Best! ;-)

Replied by Lauren
Texas, US

Peppermint and Citrus (lemon) are toxic to cats. Please do NOT spray your cat with these oils. They can slowly build or have quick negative effects, leading to death.

Replied by Phyllis
Tuscumbia, Alabama

I completely agree about the essential oils, but need to caution about garlic. I have two Boston Terriers who have Epilepsy and I discovered through elimination that after a while it increased the frequency of seizures.

What I use for flea prevention is Artemisia Combination by Nature's Sunshine once a month. One of the ingredients is sweet wormwood and parasites can't live in wormwood. While it also has garlic, giving it only once a month doesn't seem to have had a bad effect as far as seizures are concerned. I haven't even seen a flea in over two years and they've never tested positive for any kind of worms. So we prevent a number of parasites with one stone.

Replied by Linda

I just bought peppermint spray for dogs and cats. I've sprayed both, now I hear don't spray peppermint on cats. Why?

Replied by Suseeq
Sydney Australia

Peppermint oil is harmful to cats if ingested.

Posted by Romana (Chaparral, Otero County) on 02/10/2009
5 out of 5 stars

I would like to Thank you for having this web site!! For those who have no idea how ACV works wonders on cats .. I use it for a flea spary and non of my pets have ever had fleas or ticks . Thanks R.L.W & kitty crew Chaparral N.M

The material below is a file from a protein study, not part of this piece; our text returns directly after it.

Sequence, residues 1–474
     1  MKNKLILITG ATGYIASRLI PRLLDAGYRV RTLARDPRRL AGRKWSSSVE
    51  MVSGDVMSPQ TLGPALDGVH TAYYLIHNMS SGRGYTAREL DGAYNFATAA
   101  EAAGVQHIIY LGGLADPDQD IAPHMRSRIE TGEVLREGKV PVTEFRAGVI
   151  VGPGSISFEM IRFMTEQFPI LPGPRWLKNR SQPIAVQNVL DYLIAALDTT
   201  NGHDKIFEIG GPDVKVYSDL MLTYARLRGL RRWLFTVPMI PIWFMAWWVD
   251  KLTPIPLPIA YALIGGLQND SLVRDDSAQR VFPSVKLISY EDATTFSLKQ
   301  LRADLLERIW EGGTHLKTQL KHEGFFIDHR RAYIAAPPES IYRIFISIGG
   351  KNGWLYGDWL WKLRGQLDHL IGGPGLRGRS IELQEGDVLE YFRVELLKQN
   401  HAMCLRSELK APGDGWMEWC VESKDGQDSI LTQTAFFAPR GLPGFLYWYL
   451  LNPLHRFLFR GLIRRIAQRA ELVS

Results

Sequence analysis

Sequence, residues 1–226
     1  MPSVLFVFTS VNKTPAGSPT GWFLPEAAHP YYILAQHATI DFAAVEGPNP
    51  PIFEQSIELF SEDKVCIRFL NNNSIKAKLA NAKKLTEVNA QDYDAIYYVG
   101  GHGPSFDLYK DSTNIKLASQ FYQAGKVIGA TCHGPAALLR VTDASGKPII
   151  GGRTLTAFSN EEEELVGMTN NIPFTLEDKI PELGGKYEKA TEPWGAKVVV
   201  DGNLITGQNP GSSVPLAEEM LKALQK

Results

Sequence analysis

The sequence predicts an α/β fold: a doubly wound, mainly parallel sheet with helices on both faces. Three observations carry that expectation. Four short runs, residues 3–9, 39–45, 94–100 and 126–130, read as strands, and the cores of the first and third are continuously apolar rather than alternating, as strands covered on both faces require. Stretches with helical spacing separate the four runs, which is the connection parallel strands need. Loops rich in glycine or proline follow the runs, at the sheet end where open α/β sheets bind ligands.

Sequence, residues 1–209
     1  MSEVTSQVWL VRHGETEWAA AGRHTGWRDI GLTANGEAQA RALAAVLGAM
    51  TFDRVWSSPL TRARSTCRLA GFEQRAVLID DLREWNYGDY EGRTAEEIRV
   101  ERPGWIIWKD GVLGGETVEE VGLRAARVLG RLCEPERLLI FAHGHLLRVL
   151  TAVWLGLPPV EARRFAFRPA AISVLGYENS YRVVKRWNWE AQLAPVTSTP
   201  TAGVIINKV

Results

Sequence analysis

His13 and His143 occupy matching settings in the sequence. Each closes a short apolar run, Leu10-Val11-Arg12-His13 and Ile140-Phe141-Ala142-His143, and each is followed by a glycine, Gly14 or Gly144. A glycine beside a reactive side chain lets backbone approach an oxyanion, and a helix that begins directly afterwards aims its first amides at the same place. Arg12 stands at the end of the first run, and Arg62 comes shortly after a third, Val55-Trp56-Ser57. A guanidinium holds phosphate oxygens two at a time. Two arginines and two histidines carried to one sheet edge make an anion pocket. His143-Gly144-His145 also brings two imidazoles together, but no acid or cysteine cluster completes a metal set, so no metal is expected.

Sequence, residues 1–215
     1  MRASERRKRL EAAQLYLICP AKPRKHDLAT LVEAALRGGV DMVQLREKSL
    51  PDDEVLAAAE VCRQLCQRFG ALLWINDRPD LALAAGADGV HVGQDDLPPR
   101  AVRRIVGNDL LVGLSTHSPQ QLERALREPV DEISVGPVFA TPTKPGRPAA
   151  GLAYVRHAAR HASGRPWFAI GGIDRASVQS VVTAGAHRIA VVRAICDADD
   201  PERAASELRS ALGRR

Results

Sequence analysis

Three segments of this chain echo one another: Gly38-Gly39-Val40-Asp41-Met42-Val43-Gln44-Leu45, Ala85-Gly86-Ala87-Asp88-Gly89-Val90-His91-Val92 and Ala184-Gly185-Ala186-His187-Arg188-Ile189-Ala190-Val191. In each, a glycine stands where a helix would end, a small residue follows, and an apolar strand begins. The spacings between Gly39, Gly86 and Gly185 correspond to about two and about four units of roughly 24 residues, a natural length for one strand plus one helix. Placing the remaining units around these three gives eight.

Posted by Pat (Monticello, Georgia) on 10/20/2008
5 out of 5 stars

My 5 month old kitten unfortunately has fleas and so he is constantly scratching and biting. I read on another website (written by a vet) about using ACV. You use 1/2 water & 1/2 ACV or just regular vinegar in a spray bottle. While you spray it on you also rub it into their skin. Apparently the fleas don't like the smell or the taste of it and won't stay on the cat.The article also said that cats don't like the smell of vinegar. It seems to be working. My kitten isn't scratching as much (hardly at all), but boy is he licking at the vinegar and water combination. The article also said that the vinegar and water combo will help heal the sores that were created from the scratching and biting. I just thought I would pass this on.

Replied by Morella

A faster way to get rid of the immediate itch and the big bulk of the fleas is to give her an immersion bath with DAWN DISHWASHING DETERGENT. That will rid of the biggest bulk of fleas. Then after she's dry and relaxed to you use the ACV to rid of the eggs and what's leftovers of the demonic fleas!! I have done that many times when I find strays that have to "pimp them up" for the adoption photos. lol

EC: Reminder: Apple Cider Vinegar should be mixed with equal parts water when used topically.